As I noted on Friday when the President hinted that a summit might be back on the table, all of this indicates that the President could be walking into what for him could be a diplomatic debacle while Kim comes out getting exactly what he wants, international recognition and legitimacy:

What this development tells us, though, is that both Donald Trump and Kim Jong Un would still like a meeting to go forward sooner rather than later, albeit each for their own purposes, Trump, for example, likely views the summit as something that can be pointed to as a sign that, contrary to what the media says, he is a serious player on the world stage and that he ought to be taken seriously. For Kim, such a meeting would essentially serve as a legitimization of him and his regime on the world stage in the form of a one-on-one meeting with the most powerful man in the world. As far as substance goes, though, it’s still quite apparent that the two nations are not exactly on the same page when it comes to the details of issues such as the fate of North Korea’s nuclear weapons program, sanctions relief, and what, if any, security guarantees the United States and its allies would be willing to give to the DPRK in exchange for a broader agreement. Until there’s at least a framework for a discussion on possible agreements in this area, it seems clear that any summit meeting would be little more than a photo opportunity that would clearly benefit Kim far more than it would benefit the United States.

So, yes, there are good reasons to be optimistic about the future on the Korean Peninsula. Most certainly the events of the past several months have been more encouraging than the fire and brimstone rhetoric we saw from both Pyongyang and Washington last year and, indeed, these appear to be some of the most positive developments we have seen when it comes to the North Korean situation. At the same time, though, it’s worth noting that we’ve been down this road before. Kim’s father and grandfather both made gestures toward peace that they ultimately end up violating after getting what they want, and it is entirely possible that we may be headed down a similar road with Kim Jong Un. Additionally, as I’ve noted, the United States and North Korea are most emphatically not on the same page when it comes to what constitutes “denuclearization” to the point where it arguably doesn’t make sense to go forward with a summit meeting unless and until we can be sure that all parties share the same goals. Finally, for the reasons I’ve stated both here and in other posts, it would simply be insane for the North Koreans to completely denuclearize even with a supposedly “ironclad” security guarantee from the United States. Given that, it pays to be skeptical and President Trump ought to refrain from making room on the mantle for the Nobel Peace Prize that some of his supporters seem to believe he’s already won.


FILED UNDER: Asia, Donald Trump, National Security, North Korea, Politicians, US Politics, , ,
Doug Mataconis
About Doug Mataconis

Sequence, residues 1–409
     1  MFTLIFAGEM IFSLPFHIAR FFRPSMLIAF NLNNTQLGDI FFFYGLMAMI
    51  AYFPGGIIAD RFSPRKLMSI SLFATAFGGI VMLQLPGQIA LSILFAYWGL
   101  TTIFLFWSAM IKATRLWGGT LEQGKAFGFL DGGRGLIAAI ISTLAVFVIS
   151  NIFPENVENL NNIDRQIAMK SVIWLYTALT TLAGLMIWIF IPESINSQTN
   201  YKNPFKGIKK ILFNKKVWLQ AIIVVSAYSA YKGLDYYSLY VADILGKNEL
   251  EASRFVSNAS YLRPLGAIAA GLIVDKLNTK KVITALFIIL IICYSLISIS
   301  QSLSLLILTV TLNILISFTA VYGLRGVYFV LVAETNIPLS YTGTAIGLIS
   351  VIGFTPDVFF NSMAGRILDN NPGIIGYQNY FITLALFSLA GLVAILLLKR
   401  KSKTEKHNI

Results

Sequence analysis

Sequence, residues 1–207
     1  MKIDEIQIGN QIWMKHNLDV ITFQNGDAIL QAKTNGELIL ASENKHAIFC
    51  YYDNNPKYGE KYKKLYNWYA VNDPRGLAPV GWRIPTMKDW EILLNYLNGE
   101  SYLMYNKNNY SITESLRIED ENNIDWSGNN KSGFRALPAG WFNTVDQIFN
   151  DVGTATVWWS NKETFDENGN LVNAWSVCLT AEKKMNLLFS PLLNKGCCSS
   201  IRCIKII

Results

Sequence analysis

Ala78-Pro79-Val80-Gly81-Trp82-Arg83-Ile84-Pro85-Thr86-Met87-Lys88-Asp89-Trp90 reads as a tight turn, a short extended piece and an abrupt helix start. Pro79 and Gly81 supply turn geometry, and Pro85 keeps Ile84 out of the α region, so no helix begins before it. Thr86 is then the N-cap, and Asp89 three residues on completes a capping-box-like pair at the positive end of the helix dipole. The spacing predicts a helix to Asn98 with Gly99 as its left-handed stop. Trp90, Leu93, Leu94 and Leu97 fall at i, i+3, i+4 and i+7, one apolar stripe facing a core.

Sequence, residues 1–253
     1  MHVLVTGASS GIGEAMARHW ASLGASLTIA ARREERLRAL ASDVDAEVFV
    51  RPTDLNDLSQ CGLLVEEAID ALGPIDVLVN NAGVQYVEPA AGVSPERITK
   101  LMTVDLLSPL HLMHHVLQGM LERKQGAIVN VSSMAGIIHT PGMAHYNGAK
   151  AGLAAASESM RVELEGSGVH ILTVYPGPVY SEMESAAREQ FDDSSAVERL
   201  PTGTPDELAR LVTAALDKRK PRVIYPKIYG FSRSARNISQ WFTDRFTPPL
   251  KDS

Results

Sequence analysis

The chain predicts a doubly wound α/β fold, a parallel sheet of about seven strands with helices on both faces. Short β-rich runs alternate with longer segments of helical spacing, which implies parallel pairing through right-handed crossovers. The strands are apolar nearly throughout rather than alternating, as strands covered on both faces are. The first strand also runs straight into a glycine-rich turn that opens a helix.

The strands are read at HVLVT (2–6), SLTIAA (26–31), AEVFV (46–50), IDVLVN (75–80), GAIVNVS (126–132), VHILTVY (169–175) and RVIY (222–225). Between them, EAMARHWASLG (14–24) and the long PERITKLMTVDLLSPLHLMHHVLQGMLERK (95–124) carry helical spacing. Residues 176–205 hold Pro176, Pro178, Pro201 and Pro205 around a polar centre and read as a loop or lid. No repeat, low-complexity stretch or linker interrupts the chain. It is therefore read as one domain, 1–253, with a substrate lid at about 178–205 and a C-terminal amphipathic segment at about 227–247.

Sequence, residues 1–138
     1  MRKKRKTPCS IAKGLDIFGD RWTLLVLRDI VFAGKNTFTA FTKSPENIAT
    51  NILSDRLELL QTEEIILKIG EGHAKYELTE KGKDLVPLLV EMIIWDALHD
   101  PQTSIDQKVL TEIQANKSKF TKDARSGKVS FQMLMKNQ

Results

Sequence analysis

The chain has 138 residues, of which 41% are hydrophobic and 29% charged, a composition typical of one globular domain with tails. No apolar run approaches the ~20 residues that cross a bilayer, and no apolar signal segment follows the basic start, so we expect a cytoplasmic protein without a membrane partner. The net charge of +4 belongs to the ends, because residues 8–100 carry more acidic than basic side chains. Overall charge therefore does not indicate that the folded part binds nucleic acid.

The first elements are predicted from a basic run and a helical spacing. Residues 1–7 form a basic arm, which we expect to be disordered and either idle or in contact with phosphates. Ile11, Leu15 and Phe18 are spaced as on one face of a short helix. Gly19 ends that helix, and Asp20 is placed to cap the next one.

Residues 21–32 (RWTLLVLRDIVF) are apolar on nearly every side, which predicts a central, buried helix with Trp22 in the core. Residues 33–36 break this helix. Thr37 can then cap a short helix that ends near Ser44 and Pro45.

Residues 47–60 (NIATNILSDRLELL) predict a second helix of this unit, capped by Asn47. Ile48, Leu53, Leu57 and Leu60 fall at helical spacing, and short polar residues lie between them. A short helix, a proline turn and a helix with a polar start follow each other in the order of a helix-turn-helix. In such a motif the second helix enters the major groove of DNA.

Doug holds a B.A. in Political Science from Rutgers University and J.D. from George Mason University School of Law. He joined the staff of OTB in May 2010. Before joining OTB, he wrote at Below The BeltwayThe Liberty Papers, and United Liberty Follow Doug on Twitter | Facebook


  1. Kathy says:

    I’d be willing to bet $100 US that North Korea will still have nuclear weapons by late January 2021. If for some insane reason Cheeto Benito (H/T teve tory) is re-elected (knock wood), I’d play it double or nothing until late January 2025.



  2. teve tory says:

    I’d love to claim it as mine, but I stole Cheeto Benito from someone years ago. 🙂

    Given that, it pays to be skeptical and President Trump ought to refrain from making room on the mantle for the Nobel Peace Prize that some of his supporters seem to believe he’s already won.

    GW Bush blundered us into a war in Iraq that killed something like a million people. Obama got the Nobel Prize for basically just not being GW Bush. There’s no way the ADHD-addled tv junkie in the white house will do anything deserving of the Nobel, but we all just hope he doesn’t screw things up so horribly that his successor gets one of those automatic ones.



  3. TM01 says:

    Just to be clear, a number of people thought Kim Jung Un is indeed rational and that the Twitter back and forth was hardly a lead up to nuclear war, as many on the Left sat around fretting about. No one is going to start a war over a tweet. That was always stupid hyperbole from the Left.


    international recognition and legitimacy:

    And a pallet full of cash!
    Now THAT would be a great deal! That would be Trump adhering to Diplomatic Norms!



  4. Kathy says:

    @teve tory:

    You were the first I saw using it.

    I’d also bet Trump would have not changed his mind on cancelling the summit, had Lucy not said “Really, I want you to kick it.”

    But Kim may just be saying that because he didn’t get to remove the football, and really wants to see Trump flat on his back.



  5. michael reynolds says:

    He’s already agreed to a pallet of cash, genius, the difference being that the ‘cash’ for Iran actually belonged to the Iranians. Jesus, do you ever read a newspaper? Trump’s promised him a shower of money.

    US President Donald Trump tried to put his summit with Kim Jong-un back on track on Thursday, offering the North Korean leader guarantees of staying in power if he abandons nuclear weapons – but threatening a grisly death if he refuses.

    As prospects for a historic summit next month between the two leaders dimmed, Trump told reporters that if the meeting were to go ahead successfully, Kim “will get protections that will be very strong”, and that “He’d be in his country and running his country. His country would be very rich.”

    The Great Negotiator has offered Kim EVERYTHING I’ve been saying for weeks would be in the final deal: survival, an end to sanctions, money and more money. He’s already said explicitly that Kim gets everything he wants. . . while Kim is still not even agreeing to our definition of de-nuclearization.